‘One third of homes dependent on benefits’
- September 28, 2018
- Posted by: andy
- Category: Reading Passages
This newspaper article is used in the questions and learning activities that follow.
One in three households across Britain is now dependent on the state for at least half its income, it emerged today. Official government figures indicate that more than seven million households are getting most of their income from government welfare payments. The figures also reveal the huge gulf in welfare dependency between single parent and two-parent households.
The figures were quoted in a report by Civitas, a right-wing think-tank, and it is scathing about how New Labour welfare policy has been designed to “create grateful voters rather than independent people”. In many single-parent homes with two children, the proportion of families that would be financially crippled without state support is now as high as 61 per cent. That compares with just 9% in a two-parent home.
The figures, prepared by the Department for Work and Pensions but cited today in the new report from Civitas, paint a stark picture of how Britain ‘s dependency culture has grown over the last few decades. Gordon Brown has been repeatedly attacked for building up a society heavily reliant on tax credits and other state aid. The Chancellor’s tax credits scheme was “only the most prominent example of welfare policies intended to create a grateful electorate rather than free-thinking citizens”, the report says.
However, the report also suggests that David Cameron’s Conservatives are worried about seeming uncaring, and therefore not ready to take drastic action and copy American-style policies that have produced huge drops in benefit claims in the United States . The claim was denied by a spokesman for the shadow chancellor, George Osborne, who said the Tories were developing policies to reduce the size of Mr. Brown’s state.
According to David Green from Civitas, the author of the report, data on the real scale of state dependency have only been collected for the last five years or so. But he estimated that the proportion of households dependent on state handouts for at least 50 per cent of income had been probably as low as five per cent in the 1960s. It rose during the 1970s and 1980s, especially because of soaring unemployment under the Thatcher government.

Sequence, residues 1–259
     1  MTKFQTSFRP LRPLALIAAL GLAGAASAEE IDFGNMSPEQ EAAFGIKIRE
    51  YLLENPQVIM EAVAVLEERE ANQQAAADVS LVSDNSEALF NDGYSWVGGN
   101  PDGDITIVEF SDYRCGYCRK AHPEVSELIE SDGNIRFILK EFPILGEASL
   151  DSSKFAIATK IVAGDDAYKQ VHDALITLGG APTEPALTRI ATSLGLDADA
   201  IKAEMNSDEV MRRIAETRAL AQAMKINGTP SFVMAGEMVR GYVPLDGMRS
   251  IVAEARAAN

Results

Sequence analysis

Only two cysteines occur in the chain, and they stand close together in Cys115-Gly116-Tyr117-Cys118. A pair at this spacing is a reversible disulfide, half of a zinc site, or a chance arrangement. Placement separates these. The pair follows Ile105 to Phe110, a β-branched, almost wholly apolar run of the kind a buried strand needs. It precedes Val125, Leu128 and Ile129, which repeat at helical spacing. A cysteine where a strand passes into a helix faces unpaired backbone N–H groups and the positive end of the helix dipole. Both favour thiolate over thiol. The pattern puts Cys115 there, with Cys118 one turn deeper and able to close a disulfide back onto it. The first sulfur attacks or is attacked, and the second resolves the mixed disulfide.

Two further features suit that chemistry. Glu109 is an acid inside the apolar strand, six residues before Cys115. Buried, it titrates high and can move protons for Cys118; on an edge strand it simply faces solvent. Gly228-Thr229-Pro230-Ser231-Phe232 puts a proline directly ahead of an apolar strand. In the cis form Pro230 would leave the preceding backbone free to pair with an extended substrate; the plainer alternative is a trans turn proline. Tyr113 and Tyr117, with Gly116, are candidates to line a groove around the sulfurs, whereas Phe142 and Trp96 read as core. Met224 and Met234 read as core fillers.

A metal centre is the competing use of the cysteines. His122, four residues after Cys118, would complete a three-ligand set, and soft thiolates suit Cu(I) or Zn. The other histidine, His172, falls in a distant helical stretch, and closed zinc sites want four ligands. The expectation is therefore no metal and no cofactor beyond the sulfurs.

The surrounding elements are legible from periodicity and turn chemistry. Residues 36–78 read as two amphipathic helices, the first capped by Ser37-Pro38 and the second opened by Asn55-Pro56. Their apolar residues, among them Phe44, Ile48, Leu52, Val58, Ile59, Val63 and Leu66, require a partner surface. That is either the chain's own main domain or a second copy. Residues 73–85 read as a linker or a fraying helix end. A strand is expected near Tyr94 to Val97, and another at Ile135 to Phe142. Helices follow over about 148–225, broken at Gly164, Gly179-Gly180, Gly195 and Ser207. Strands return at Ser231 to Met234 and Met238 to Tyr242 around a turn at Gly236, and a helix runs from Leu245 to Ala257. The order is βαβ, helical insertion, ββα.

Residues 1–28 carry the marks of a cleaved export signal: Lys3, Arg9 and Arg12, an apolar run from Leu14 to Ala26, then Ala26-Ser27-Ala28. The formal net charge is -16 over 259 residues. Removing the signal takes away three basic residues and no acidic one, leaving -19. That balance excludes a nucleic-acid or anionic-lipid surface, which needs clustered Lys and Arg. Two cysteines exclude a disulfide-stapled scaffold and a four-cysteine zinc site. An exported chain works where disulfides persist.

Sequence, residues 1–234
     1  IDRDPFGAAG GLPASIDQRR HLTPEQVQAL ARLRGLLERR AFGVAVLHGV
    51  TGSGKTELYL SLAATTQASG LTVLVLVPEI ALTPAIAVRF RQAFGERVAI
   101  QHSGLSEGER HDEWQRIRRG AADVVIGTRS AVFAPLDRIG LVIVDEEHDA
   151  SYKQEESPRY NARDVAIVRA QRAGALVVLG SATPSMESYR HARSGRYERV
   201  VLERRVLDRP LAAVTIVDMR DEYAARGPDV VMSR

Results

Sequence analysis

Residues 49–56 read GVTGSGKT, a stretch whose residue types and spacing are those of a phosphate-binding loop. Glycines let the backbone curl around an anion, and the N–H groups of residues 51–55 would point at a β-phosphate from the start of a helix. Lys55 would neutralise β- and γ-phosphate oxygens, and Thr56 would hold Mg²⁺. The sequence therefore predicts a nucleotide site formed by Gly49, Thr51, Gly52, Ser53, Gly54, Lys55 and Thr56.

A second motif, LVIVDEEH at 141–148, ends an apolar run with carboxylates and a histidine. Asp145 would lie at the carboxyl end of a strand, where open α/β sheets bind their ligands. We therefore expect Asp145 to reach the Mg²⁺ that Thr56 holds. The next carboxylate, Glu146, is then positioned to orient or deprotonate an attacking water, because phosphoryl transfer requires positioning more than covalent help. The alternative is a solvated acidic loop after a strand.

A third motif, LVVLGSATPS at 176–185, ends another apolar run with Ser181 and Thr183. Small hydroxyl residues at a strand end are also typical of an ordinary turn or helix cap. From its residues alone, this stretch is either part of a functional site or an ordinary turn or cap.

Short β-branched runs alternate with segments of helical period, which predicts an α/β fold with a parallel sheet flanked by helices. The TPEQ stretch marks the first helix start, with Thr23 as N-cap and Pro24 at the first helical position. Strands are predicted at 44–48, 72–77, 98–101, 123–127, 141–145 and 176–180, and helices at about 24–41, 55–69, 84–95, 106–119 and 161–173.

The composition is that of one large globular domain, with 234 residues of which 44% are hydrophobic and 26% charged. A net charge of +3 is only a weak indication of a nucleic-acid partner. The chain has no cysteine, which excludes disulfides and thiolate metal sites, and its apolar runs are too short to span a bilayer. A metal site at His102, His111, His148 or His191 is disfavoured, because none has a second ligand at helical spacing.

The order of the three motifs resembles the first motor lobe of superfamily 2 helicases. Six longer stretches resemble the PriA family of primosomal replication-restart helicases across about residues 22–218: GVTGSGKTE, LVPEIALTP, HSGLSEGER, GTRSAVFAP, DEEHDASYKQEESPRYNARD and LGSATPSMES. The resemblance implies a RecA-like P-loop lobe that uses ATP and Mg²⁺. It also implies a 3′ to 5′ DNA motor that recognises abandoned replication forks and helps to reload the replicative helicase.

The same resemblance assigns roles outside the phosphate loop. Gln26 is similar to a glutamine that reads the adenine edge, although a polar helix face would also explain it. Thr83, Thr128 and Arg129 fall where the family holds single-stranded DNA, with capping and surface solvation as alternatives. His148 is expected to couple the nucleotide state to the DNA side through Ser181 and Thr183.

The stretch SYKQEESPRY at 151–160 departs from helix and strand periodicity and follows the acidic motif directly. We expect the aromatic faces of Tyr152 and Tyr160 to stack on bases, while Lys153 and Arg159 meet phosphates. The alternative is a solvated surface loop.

His report in the current issue of Civitas Review makes the wider point that politics is no longer providing the answers to Britain ‘s problems. The Blair years had “tested to destruction” the notion that big spending on health, education and welfare was the answer. There was a widespread perception that high crime, failing schools, unsustainable immigration and the low quality of the NHS were “not being properly confronted by our political leaders”.
Mr. Green went on: “Even Conservatives who are concerned about the failure of public sector monopolies in health and education are slow to criticise the Blair Government’s approach”. That was because “they know that calling for a reduced role for the state in health and education is to invite being caricatured as uncaring”. Mr Green urged the Tories not to accept the modern view that individual action and liberty were the same as “selfish individualism”.
A government spokesman last night defended the scale of state help, saying: “It is thanks to our system of tax credits and the New Deal that we have two million more people in work than in 1997. We have also raised hundreds of thousands of children out of poverty.”
The analysis of benefit dependency, based on the latest DWP statistics, will strike a chord with a report from the Reform, another right-wing think-tank. Last year it warned that the Government had created a benefits regime that “actively dissuades millions from bettering their position”.
Frank Field, the Labour former welfare minister, has also called for the system to be reformed. Welfare should be “a floor on which people built and not a ceiling which made it impossible for them to pass through”, Mr Field said. Last night David Laws, the Liberal Democrat’s welfare spokesman, also accused the Chancellor of helping to bolster the dependency culture.